What happened in Colorado in the early hours of this morning was not a “tragedy” but a willful act of mass murder. Beyond his age, name, and ethnicity, nobody yet knows who the shooter is, or why he chose to do what he did. In my view, this is a blessing, albeit a temporary one; for, as has been the way in recent years, once his party registration, television-viewing habits, and random scribblings become known to the public, all sorts of hysterical speculation and unlettered accusations will burst forth.
Whole groups will be vilified, blame will be apportioned to those many times removed, and the shooter will be partially absolved of blame by those who prefer to see fault in video games or talk radio or political rhetoric or anything else that can be conscripted to explain why terrible things happen to good people. Few will point out that unless someone commits an atrocity in the name of an ideology — Timothy McVeigh, for example — their political beliefs are wholly irrelevant. Even in cases where a killer is motivated by something specific, to draw general conclusions is most often folly. America is not the land of collective guilt, and mass shootings should carve out no exception. Those few people who have already jumped on the crime to hit out at their boogeyman of choice are fools.
Alas, this welcome early absence of opportunity for partisan political blame has created a vacuum that has been filled by another form of folly: Calls for “gun control.” Upon hearing the news, the Brady Campaign to Prevent Gun Violence immediately changed the front page of its website to aver that, “This is yet another horrific reminder that guns enable mass killings.”
#more#In New York, Mayor Michael Bloomberg lost no time in exploiting the crime to advance his agenda. From CBS:
In the wake of a mass shooting in a suburban Denver movie theater, New York City Mayor Michael Bloomberg is calling on President Obama and Mitt Romney to offer up more than “soothing words” and talk about how they will address gun-related violence.
“Maybe it’s time that the two people who want to be president of the United States stand up and tell us what they are going to do about it, because this is obviously a problem across the country.” Bloomberg said in an interview on WOR News Talk Radio 710 in New York City.
“I mean, there are so many murders with guns every day, it’s just got to stop,” he continued. “And instead of the two people — President Obama and Governor Romney — talking in broad things about they want to make the world a better place, okay, tell us how. And this is a real problem. No matter where you stand on the Second Amendment, no matter where you stand on guns, we have a right to hear from both of them concretely, not just in generalities — specifically what are they going to do about guns?”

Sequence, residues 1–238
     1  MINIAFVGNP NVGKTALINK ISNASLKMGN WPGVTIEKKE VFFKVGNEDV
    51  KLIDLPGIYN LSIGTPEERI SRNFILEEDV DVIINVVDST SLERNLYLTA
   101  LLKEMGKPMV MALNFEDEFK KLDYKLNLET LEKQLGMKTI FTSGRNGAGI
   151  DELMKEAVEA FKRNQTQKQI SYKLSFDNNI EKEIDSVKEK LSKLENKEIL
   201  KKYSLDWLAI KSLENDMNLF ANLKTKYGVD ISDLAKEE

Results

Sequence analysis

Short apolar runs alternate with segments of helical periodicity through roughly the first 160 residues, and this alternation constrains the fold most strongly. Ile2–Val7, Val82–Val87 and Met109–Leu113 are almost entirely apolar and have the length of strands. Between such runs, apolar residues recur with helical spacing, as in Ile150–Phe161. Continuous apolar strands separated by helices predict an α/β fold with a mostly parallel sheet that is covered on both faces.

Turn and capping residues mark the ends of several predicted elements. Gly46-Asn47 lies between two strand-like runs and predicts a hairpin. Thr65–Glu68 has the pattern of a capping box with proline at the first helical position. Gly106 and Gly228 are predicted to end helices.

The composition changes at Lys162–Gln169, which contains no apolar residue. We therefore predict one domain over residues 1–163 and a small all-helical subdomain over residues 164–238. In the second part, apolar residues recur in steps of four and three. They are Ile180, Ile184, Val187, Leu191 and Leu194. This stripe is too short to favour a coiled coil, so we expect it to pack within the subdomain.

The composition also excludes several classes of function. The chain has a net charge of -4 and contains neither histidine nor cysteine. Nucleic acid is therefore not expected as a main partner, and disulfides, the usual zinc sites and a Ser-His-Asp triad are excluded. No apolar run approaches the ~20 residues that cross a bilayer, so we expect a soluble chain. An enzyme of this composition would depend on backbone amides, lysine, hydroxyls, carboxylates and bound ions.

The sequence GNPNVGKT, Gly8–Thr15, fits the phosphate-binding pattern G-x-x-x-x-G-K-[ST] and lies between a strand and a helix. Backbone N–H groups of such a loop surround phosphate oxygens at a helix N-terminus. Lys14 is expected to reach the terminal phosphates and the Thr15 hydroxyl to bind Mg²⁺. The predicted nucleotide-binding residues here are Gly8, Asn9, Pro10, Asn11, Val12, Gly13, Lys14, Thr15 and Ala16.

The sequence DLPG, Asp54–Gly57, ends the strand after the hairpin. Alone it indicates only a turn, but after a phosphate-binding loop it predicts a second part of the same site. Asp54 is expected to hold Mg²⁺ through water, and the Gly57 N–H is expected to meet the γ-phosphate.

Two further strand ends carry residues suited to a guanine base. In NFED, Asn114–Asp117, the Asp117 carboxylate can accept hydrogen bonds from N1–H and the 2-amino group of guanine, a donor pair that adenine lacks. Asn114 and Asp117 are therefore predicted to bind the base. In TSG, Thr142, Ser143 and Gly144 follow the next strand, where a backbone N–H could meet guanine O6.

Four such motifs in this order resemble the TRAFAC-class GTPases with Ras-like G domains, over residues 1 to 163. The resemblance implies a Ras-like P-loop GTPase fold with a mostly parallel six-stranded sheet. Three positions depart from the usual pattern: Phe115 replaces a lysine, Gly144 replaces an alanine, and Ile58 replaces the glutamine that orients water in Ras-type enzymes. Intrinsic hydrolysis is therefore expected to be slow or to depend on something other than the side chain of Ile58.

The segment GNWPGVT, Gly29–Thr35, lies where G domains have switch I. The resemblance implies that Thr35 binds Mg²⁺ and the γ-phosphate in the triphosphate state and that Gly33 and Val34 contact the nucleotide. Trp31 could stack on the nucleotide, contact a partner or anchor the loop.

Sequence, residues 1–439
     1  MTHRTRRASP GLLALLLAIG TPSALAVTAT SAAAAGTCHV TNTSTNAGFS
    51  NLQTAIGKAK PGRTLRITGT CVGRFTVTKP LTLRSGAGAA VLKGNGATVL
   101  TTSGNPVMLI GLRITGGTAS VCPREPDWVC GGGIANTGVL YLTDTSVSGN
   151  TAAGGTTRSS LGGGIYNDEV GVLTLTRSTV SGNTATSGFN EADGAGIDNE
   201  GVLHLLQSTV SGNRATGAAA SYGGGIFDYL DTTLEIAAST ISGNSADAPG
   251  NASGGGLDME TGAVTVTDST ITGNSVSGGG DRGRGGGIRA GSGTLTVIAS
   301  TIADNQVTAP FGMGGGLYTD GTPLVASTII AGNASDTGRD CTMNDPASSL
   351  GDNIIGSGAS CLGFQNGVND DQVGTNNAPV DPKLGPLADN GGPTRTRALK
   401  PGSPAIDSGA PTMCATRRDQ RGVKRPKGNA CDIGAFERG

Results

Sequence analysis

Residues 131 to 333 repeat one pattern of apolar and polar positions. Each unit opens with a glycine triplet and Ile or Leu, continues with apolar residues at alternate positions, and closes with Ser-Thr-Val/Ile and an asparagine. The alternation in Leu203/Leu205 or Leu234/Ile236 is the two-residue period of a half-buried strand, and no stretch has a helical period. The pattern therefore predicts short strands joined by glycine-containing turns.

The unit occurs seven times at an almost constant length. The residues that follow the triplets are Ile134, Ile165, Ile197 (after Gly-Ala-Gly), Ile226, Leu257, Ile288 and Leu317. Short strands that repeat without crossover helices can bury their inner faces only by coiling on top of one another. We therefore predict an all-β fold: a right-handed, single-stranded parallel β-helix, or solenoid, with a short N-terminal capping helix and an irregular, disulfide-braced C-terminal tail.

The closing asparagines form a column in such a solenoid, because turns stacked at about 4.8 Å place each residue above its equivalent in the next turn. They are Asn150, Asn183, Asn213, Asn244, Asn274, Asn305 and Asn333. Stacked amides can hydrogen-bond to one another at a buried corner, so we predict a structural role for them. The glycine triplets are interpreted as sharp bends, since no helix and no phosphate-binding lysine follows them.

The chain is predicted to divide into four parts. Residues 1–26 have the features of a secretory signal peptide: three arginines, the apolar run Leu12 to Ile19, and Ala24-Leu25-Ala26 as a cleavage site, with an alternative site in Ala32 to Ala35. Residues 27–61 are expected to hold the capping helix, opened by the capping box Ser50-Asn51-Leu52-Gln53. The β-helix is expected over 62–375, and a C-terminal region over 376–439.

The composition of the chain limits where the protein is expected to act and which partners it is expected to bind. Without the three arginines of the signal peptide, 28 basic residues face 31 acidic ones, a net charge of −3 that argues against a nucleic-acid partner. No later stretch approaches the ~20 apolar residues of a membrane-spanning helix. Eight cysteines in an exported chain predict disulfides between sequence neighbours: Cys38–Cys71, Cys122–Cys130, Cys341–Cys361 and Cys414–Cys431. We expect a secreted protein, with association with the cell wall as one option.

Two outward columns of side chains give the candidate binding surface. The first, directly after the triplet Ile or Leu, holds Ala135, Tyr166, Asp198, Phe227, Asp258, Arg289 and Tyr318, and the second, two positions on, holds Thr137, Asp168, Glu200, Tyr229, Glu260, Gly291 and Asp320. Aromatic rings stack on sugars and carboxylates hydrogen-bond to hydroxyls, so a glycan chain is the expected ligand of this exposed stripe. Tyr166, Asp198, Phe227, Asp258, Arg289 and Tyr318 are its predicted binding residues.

On Twitter, CNN’s Piers Morgan wrote:
Horrendous details from this Colorado cinema shooting. America has got to do something about its gun laws. Now is the time.
More Americans will buy guns after this, to defend themselves, and so the dangerous spiral descends. When/how does it stop?
Lunatics like this will always try and get guns. It should be 100,000 times harder than it is for them to do so. That’s my point.
Others pitched in. Actor John Leguizamo tweeted:
My heart goes 2 all the victims families in colorado. No one should have to go thru that. When r we gonna get guns removed in this country?!
The New Yorker’s Philip Gourevitch wrote:
Unless politicians push aggressive relentless gun control they’re accepting these shootings & complicit in the slaughter.
Jose Antonio Vargas tweeted:
To @barackobama, @mittromney, journalists: can we please have an honest and constructive dialogue about gun control? #theatershooting
This is predictable, but deeply misguided. As usual, this is not an issue of gun control. As Cesare Beccaria wrote in 1764 in Crimes and Punishments:
The laws of this nature are those which forbid to wear arms, disarming those only who are not disposed to commit the crime which the laws mean to prevent. Can it be supposed, that those who have the courage to violate the most sacred laws of humanity, and the most important of the code, will respect the less considerable and arbitrary injunctions, the violation of which is so easy, and of so little comparative importance? Does not the execution of this law deprive the subject of that personal liberty, so dear to mankind and to the wise legislator? And does it not subject the innocent to all the disagreeable circumstances that should only fall on the guilty? It certainly makes the situation of the assaulted worse and of the assailants better, and rather encourages than prevents murder, as it requires less courage to attack unarmed than armed persons.
As Beccaria implies, this crime was ultimately about people. It was about the shooter, the victims, and their families — and very little else besides — and we would do well to avoid breathlessly proposing radical changes to our constitutional order because a man abused his liberty. Those with evil in their hearts are prone to do evil things, and those willing to violate strict prohibitions against murder do not care much about regulation of firearms or much else. As such, unless the shooter was part of a bigger conspiracy or was systematically failed by an institution, our attentions might be better focused on Aurora, Colo., and not on any particular group, or — even worse — the whole citizenry of the United States.